How to help a person who talks fast and gabbles, always with praise of others - family and whoever is present?

My sister is a kind lady and earlier in life a natural nurse. She is now a manager in a tertiary college - polytechnic. Stable mild WASP background.

She is bright and enthusiastic, engaging and generous. No alcohol, gambling, church or anything else. She was married but now divorced - no children to her great regret but she never talks about it.

She rarely ever talks about herself. If asked she uses the broad brush of “stuff happened and its all good now, tickety boo”. She was in hospital for sudden pain and said it was something under the ribs but everything was Aok, 100%, no problems. I had to press her the third time I asked as to exactly the diagnosis. She is always deliberately vague although she has a BA from London.

My sister is aged 59 but has the energy of 40. Until she crashes at weekends. Friendly but like most of us has just a few close friends who tend to be emotional people like her.

About 10 years ago her speech became a gabble. Most of the words were repeating in run-on sentences and focused on finding examples of great things about everyone else.

“Mike you have always had good ankles. And Jen you have such a good voice!”

She loved our father but a hour before he died he told her with exasperation to shut up and get out of the hospital room. This is a very good example of her almost uncontrollable talking.

However I don’t think she does this at work because it would interrupt other people.

I live 2 hours away and usually visit and stay with her once a month. But that has become too hard - can’t face the unreal compliments and questions about me and my family. My brother notices it too but shrugs - indeed she is caring for him right now after a serious chainsaw accident.

Any thoughts about this type of affliction? That could help guide me to talking with her.

I’d ask a Speech Pathologist or a psychiatrist.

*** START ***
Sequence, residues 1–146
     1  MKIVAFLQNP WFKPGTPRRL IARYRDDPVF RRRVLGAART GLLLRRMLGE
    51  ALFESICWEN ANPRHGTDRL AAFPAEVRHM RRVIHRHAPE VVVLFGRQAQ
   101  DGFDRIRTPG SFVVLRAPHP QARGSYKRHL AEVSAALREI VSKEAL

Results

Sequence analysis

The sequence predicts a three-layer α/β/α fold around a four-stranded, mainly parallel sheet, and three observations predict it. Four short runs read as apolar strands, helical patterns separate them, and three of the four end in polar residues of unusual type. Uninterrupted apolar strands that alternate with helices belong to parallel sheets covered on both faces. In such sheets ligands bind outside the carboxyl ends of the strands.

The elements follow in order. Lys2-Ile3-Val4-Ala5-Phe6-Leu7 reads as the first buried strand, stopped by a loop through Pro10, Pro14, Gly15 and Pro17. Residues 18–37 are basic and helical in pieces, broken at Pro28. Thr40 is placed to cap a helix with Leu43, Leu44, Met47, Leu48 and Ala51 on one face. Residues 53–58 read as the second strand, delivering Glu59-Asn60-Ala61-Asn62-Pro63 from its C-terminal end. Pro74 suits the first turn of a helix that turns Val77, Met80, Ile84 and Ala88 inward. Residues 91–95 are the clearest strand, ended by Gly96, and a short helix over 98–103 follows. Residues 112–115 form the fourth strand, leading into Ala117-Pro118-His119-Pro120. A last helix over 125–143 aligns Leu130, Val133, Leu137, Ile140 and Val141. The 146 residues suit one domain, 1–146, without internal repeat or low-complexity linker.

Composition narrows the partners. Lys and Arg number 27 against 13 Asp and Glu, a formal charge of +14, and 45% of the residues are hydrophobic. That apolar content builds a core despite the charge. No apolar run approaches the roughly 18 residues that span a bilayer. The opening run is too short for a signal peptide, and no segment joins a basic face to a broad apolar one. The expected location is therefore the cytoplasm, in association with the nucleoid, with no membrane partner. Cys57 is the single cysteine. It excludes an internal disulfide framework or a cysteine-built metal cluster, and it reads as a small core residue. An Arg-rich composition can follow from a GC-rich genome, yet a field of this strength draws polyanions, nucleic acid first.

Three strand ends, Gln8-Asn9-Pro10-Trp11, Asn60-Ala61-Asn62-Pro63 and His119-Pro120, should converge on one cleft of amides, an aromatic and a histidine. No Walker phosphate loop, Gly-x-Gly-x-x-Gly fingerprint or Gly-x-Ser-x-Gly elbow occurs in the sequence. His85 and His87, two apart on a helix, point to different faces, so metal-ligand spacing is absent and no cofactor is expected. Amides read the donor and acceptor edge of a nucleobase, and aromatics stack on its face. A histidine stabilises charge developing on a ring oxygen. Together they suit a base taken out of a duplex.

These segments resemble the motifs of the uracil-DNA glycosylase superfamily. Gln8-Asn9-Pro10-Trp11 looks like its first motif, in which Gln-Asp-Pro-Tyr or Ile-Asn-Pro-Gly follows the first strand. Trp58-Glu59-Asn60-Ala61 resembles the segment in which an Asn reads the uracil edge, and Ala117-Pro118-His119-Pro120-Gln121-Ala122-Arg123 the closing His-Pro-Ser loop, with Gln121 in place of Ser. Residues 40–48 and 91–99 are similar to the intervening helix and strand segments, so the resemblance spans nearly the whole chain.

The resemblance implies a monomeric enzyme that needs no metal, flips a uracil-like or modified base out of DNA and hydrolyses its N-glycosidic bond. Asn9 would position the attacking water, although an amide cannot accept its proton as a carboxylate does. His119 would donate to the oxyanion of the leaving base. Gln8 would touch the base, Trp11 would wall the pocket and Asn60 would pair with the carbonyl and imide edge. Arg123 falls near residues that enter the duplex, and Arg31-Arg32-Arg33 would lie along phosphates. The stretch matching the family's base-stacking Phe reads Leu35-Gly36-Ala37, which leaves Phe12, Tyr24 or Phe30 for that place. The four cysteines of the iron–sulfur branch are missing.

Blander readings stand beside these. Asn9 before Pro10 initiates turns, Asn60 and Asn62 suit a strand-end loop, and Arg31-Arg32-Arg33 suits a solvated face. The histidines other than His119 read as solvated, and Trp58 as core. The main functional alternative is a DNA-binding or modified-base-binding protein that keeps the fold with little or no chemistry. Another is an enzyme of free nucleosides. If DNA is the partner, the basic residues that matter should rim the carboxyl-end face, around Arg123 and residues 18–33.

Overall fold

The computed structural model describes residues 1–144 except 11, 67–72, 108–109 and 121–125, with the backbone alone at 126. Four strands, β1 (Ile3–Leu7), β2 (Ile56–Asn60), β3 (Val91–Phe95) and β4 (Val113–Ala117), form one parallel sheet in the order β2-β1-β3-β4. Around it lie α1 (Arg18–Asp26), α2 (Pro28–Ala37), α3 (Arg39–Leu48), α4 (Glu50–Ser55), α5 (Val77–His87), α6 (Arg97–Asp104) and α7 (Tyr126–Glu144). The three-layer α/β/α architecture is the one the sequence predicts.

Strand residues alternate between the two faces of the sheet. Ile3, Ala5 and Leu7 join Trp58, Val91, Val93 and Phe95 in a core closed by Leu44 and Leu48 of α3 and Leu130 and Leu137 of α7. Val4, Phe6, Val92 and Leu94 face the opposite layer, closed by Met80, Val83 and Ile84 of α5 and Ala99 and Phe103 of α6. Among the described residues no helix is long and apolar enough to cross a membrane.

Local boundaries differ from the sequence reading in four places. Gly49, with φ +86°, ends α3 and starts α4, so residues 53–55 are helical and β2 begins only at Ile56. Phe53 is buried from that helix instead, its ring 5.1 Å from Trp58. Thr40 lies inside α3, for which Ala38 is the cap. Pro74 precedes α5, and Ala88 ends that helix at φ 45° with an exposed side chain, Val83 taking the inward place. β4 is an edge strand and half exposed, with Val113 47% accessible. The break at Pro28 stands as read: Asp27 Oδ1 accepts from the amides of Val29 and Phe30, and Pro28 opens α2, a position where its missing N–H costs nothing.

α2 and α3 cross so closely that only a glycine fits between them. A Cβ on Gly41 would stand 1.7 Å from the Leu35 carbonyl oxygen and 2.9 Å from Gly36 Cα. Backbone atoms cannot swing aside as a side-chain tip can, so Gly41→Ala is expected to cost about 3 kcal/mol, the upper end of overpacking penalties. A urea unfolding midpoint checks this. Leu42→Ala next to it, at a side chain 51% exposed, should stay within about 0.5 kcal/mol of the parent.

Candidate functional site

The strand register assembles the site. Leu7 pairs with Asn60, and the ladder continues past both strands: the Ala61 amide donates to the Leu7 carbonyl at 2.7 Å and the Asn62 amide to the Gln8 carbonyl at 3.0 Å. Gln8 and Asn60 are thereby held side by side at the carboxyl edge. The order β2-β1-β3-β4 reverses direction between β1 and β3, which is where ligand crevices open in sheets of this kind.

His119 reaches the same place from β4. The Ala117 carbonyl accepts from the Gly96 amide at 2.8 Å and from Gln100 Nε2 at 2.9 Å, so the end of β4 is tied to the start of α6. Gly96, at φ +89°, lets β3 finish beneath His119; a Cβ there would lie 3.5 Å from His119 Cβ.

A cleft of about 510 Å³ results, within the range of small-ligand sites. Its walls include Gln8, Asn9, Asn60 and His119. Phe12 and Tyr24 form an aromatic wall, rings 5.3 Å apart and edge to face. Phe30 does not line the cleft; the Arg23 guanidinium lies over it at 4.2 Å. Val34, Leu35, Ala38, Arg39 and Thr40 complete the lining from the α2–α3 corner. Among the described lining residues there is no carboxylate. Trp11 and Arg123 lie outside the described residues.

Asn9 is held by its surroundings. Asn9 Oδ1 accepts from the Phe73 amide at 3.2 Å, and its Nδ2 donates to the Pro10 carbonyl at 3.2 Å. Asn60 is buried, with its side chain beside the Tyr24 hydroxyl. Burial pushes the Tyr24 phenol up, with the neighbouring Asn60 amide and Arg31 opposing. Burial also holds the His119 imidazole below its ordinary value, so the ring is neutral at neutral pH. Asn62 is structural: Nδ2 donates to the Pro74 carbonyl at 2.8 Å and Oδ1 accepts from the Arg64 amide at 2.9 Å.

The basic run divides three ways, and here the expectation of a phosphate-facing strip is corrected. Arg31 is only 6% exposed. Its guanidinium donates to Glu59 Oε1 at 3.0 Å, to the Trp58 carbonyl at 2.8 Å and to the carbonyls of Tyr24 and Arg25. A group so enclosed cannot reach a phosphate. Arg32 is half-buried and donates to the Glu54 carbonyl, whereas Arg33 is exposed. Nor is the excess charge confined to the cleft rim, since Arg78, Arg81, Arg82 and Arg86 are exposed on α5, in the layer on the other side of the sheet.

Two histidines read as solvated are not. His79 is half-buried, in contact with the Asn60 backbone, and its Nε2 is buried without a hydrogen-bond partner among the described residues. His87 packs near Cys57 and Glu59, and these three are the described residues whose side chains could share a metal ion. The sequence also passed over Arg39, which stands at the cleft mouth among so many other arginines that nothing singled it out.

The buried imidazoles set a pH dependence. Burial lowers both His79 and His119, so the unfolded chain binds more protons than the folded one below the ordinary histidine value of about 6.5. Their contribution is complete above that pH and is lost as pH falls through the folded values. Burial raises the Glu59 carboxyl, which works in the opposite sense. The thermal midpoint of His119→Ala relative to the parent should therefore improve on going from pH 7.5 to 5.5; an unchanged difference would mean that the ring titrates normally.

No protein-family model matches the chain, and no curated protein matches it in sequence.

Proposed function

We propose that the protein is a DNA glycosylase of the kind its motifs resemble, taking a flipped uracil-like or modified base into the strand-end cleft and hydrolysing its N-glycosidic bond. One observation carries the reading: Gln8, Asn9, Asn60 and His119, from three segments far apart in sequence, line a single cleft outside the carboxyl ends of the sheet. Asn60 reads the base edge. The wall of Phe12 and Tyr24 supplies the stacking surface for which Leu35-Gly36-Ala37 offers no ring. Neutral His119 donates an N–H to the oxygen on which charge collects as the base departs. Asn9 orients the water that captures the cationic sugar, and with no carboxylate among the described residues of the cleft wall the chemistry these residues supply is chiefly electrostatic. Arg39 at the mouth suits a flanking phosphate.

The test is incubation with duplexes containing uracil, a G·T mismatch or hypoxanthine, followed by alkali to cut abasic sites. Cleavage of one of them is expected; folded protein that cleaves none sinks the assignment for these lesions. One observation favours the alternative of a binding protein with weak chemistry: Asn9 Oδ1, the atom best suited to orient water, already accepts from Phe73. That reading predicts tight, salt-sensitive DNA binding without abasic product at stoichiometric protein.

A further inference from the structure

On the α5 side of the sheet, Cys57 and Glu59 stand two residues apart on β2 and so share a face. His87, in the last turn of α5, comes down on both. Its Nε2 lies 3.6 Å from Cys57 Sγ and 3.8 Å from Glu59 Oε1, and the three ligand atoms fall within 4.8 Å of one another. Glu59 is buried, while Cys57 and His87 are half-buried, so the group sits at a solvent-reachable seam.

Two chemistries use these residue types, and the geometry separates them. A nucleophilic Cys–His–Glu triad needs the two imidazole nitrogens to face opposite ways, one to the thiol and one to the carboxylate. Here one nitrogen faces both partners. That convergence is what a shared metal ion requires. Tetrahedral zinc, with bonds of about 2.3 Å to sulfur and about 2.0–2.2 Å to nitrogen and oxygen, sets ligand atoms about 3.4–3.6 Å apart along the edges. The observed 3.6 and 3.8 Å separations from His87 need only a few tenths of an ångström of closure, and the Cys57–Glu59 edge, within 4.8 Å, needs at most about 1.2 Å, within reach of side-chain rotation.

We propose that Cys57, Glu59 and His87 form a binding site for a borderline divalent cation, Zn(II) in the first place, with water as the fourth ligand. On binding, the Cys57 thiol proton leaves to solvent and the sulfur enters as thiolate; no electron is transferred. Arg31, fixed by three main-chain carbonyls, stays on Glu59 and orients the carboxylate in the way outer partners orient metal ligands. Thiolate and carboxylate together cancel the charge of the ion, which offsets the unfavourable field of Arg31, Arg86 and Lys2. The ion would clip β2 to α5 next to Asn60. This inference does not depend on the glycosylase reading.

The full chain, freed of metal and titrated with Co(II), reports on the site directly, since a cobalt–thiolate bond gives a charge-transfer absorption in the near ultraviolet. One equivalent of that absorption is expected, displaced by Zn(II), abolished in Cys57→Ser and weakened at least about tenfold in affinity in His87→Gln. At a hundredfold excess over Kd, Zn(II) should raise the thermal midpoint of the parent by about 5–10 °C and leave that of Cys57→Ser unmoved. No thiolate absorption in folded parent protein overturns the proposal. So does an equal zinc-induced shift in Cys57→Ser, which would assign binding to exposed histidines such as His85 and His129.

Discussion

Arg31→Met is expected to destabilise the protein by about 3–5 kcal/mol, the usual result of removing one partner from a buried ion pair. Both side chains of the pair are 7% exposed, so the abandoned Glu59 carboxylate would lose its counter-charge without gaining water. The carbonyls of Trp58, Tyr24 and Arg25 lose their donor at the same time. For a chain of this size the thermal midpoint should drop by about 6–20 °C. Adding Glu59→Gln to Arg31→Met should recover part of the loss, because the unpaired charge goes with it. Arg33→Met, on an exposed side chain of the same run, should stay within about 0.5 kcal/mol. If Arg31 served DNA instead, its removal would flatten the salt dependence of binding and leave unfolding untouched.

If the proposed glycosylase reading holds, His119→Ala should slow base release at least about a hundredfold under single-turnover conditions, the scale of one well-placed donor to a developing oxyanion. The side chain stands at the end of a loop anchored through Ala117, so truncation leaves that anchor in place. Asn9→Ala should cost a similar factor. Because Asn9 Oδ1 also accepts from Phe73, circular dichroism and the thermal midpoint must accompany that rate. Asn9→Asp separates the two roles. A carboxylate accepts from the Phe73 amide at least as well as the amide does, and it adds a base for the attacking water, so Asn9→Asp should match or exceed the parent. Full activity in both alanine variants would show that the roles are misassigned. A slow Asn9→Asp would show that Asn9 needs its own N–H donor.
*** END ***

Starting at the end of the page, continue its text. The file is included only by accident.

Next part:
My word that was quick. Agreed and I have asked on Reddit but no response.

Since th e OP is asking for personal advice, let’s move this to IMHO.

General Questions Moderator

My elderly father-in-law is sort of like that. He’s a little shy and awkward in conversation, and often the only thing he can think of to say is to offer inane compliments to whoever happens to be in the room (“What a nice shirt,” “I like your haircut,” “You always had good taste in shoes,” etc.). He means well but it gets a little irritating.

I think it’s a nervous reaction to things.
I had a friend who would laugh inappropriatly when nervous.
It was very off putting.
I agree, maybe some therapy could help your sister.

Thank you Elendil and Beckdwrek, much appreciated. It is interesting to learn other people have a similar compulsion.

My theory is she talks to avoid thinking about underlying anxieties or any challenge. For a long time now she politely leaves the room if anything upsetting - to her - comes up. Or freezes like she is caught in a spotlight. Very recently I lost patience twice and asked her to stop speaking - and then I apologised and said whatever I had tried to express.

Whether it is anxieties or fear I do not know.

She shows no signs of an addictive personality, but avoidance certainly.

She loves children and has five nieces and nephews but has never done more than bits and pieces with them. Never babysat our three. The children are young adults now.

Instead she cares about older people. Our father was very involved with WWII servicemen for all his adult life. She stepped into his shoes for his sake and is still there today although most have died.

My theory is that older elderly people are no threat and reward her kindness with smiles etc because they feel lost from the busy world.

Insecurity - good thought. It would arise from not having any children and not being married. She is alone.

Therapy - oddly enough my sister was at first a psychiatric nurse for 15 years and good at it, so I thought she had a handle on mental health. However the knowledge has dimmed leaving her nursing and caring aptitude which is lovely but there is a huge hole as well - I think. I will gently suggest counseling although she needs a psychologist and even better a psychiatrist. I know a very good one but he isn’t funded by our health system.